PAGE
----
Types of sedimentation tanks
Types of sedimentation tanks:
- Ballasted sedimentation: There is an extremely small difference between the densities of water the solid particles (flocs) present in water treatment that is produced during the process of coagulation. Therefore they slowly settle down. The two methods of plain sedimentation (i.e. radial, horizontal and inclined sedimentation) and preceded by the flocculation, the slow mixing process. The flocculation process helps in supporting the coagulated particles to collide and combine so that the large particles are formed that get settled down faster. Flocculation can be assisted by using polyelectrolytes which are high molecular weight polymers. At first, the flocculation does not increase the density of particles. Flocs particles have a property that as the size of particles increases the density of flocs decreases. One can increase the density of flocs particles by using a ballasting agent such as fine sand or Bentonite. The treatment of this tank and grease trap denver required denver septic tank services and drain cleaning denver co. The used fine sand can be recovered for the recycling purpose bypassing the sludge that is collected from the sedimentation tank through a hydrocyclone. The speed of settling down of floc that is ballasted with fine sand is three times or sometimes even more than that of the floc that is not ballasted.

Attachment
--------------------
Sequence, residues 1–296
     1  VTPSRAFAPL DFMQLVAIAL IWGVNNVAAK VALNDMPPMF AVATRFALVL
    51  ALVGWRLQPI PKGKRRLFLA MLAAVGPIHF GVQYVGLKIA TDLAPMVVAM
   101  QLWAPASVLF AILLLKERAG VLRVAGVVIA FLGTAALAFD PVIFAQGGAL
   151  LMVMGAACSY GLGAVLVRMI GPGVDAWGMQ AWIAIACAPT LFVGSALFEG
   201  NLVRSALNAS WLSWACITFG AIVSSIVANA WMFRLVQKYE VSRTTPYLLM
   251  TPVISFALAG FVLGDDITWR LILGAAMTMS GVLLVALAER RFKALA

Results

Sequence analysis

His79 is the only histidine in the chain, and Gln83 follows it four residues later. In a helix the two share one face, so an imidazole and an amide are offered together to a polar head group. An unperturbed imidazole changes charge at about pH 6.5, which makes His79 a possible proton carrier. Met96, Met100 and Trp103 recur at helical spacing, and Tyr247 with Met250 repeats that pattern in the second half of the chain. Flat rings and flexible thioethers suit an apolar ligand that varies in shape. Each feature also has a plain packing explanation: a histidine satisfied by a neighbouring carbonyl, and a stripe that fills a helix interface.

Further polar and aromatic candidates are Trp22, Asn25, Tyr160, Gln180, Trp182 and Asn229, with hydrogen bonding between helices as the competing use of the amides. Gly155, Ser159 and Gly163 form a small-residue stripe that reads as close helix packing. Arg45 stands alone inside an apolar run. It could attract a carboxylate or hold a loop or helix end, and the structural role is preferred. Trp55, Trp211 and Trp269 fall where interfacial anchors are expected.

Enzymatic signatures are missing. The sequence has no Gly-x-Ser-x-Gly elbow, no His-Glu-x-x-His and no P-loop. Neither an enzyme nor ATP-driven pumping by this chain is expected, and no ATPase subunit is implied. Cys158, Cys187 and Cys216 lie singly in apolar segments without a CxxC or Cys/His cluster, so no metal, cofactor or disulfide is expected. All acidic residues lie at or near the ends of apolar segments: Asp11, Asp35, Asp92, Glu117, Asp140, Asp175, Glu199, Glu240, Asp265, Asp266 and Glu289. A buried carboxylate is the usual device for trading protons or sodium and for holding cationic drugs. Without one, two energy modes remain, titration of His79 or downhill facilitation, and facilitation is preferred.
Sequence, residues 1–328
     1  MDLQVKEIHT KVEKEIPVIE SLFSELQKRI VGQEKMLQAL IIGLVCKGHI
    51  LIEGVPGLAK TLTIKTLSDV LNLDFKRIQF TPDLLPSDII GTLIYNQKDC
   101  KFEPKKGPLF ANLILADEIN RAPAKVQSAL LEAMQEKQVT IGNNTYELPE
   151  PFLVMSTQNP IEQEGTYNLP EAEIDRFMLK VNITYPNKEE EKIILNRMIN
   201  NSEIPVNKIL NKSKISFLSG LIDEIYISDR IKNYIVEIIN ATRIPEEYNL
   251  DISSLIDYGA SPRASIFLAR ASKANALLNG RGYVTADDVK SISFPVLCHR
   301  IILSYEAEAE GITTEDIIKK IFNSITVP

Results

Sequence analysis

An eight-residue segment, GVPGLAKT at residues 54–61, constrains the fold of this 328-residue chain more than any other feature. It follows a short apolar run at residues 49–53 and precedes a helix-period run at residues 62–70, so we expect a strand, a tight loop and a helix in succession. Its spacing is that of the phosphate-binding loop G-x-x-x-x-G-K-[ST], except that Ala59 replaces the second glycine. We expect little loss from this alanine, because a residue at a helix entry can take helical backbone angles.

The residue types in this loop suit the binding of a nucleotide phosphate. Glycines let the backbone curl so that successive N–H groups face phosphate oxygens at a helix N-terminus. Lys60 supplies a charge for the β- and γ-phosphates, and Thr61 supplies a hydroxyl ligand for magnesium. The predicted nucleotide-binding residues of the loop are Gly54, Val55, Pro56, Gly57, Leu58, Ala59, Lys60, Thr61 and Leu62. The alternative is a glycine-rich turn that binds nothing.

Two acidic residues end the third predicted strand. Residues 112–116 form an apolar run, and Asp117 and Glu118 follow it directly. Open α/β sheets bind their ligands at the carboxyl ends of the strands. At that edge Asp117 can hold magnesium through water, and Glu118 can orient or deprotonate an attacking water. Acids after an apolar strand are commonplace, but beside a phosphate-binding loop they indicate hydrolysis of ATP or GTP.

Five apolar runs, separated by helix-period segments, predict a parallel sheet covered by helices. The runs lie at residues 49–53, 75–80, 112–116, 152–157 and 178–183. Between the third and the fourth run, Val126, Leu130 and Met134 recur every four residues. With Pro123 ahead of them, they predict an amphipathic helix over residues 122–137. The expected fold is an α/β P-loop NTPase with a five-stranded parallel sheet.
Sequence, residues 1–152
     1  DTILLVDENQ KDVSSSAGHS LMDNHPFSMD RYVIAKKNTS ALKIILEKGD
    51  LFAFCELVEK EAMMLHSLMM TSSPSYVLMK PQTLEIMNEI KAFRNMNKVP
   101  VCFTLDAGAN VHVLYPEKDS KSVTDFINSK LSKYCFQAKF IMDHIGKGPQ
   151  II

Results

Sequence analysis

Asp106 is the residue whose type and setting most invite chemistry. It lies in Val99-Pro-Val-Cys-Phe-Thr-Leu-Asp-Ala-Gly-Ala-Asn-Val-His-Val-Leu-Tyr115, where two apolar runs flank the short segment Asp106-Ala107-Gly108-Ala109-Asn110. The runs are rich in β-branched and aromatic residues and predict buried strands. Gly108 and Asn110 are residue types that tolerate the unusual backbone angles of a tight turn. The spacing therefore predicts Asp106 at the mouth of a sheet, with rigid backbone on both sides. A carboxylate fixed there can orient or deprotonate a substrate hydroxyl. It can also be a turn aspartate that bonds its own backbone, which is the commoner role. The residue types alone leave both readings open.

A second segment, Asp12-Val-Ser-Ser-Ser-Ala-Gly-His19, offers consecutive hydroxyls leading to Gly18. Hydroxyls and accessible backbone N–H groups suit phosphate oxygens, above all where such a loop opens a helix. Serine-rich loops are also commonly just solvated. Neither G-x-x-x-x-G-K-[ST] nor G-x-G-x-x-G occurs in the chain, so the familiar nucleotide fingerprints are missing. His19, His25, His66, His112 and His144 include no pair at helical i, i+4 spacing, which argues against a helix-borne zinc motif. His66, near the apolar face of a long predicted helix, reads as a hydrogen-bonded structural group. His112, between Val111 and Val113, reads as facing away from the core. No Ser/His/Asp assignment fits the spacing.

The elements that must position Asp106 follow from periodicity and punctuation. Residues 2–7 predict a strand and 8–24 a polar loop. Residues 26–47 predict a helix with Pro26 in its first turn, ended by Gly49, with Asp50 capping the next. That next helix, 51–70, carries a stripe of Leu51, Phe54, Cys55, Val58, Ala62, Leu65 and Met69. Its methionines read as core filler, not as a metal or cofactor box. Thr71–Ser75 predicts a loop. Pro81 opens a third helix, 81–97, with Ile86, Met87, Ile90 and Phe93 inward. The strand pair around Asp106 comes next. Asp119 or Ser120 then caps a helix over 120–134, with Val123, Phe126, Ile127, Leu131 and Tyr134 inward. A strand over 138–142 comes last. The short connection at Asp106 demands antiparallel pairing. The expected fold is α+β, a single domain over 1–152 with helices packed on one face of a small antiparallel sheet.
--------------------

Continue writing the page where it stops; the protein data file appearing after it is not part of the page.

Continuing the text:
- Floc blanket sedimentation: Earlier the Floc blanket tanks used to have an inverted pyramidal shape and at the top there used to be a short vertical section. The use of a floc blanket is prior to the sludge banket because it is assumed that the floc in suspension is still acting as the floc i.e., it helps to remove the solid particles present in the untreated water. Once the floc becomes an integral part of the sediment and it becomes a surplus to process, the sediment is sludge.
- Sirofloc process: Sirofloc process is an alternate process that can be used instead of using a clarification process based on flocculation and coagulation for treating the water that contains little mineral turbidity. Firstly, finely divided magnetite is prepared by washing it with a sodium hydroxide solution at high pH, and then this solution is applied to the raw water along with a small concentration of cationic polyelectrolyte. These magnetite particles absorb the color-producing dissolved organic substances and attract the fine colloidal particles. Just like fine sand, the used magnetite can also be recovered for recycling purpose by passing it through the hydrocyclone before it being repaired with sodium hydroxide solution.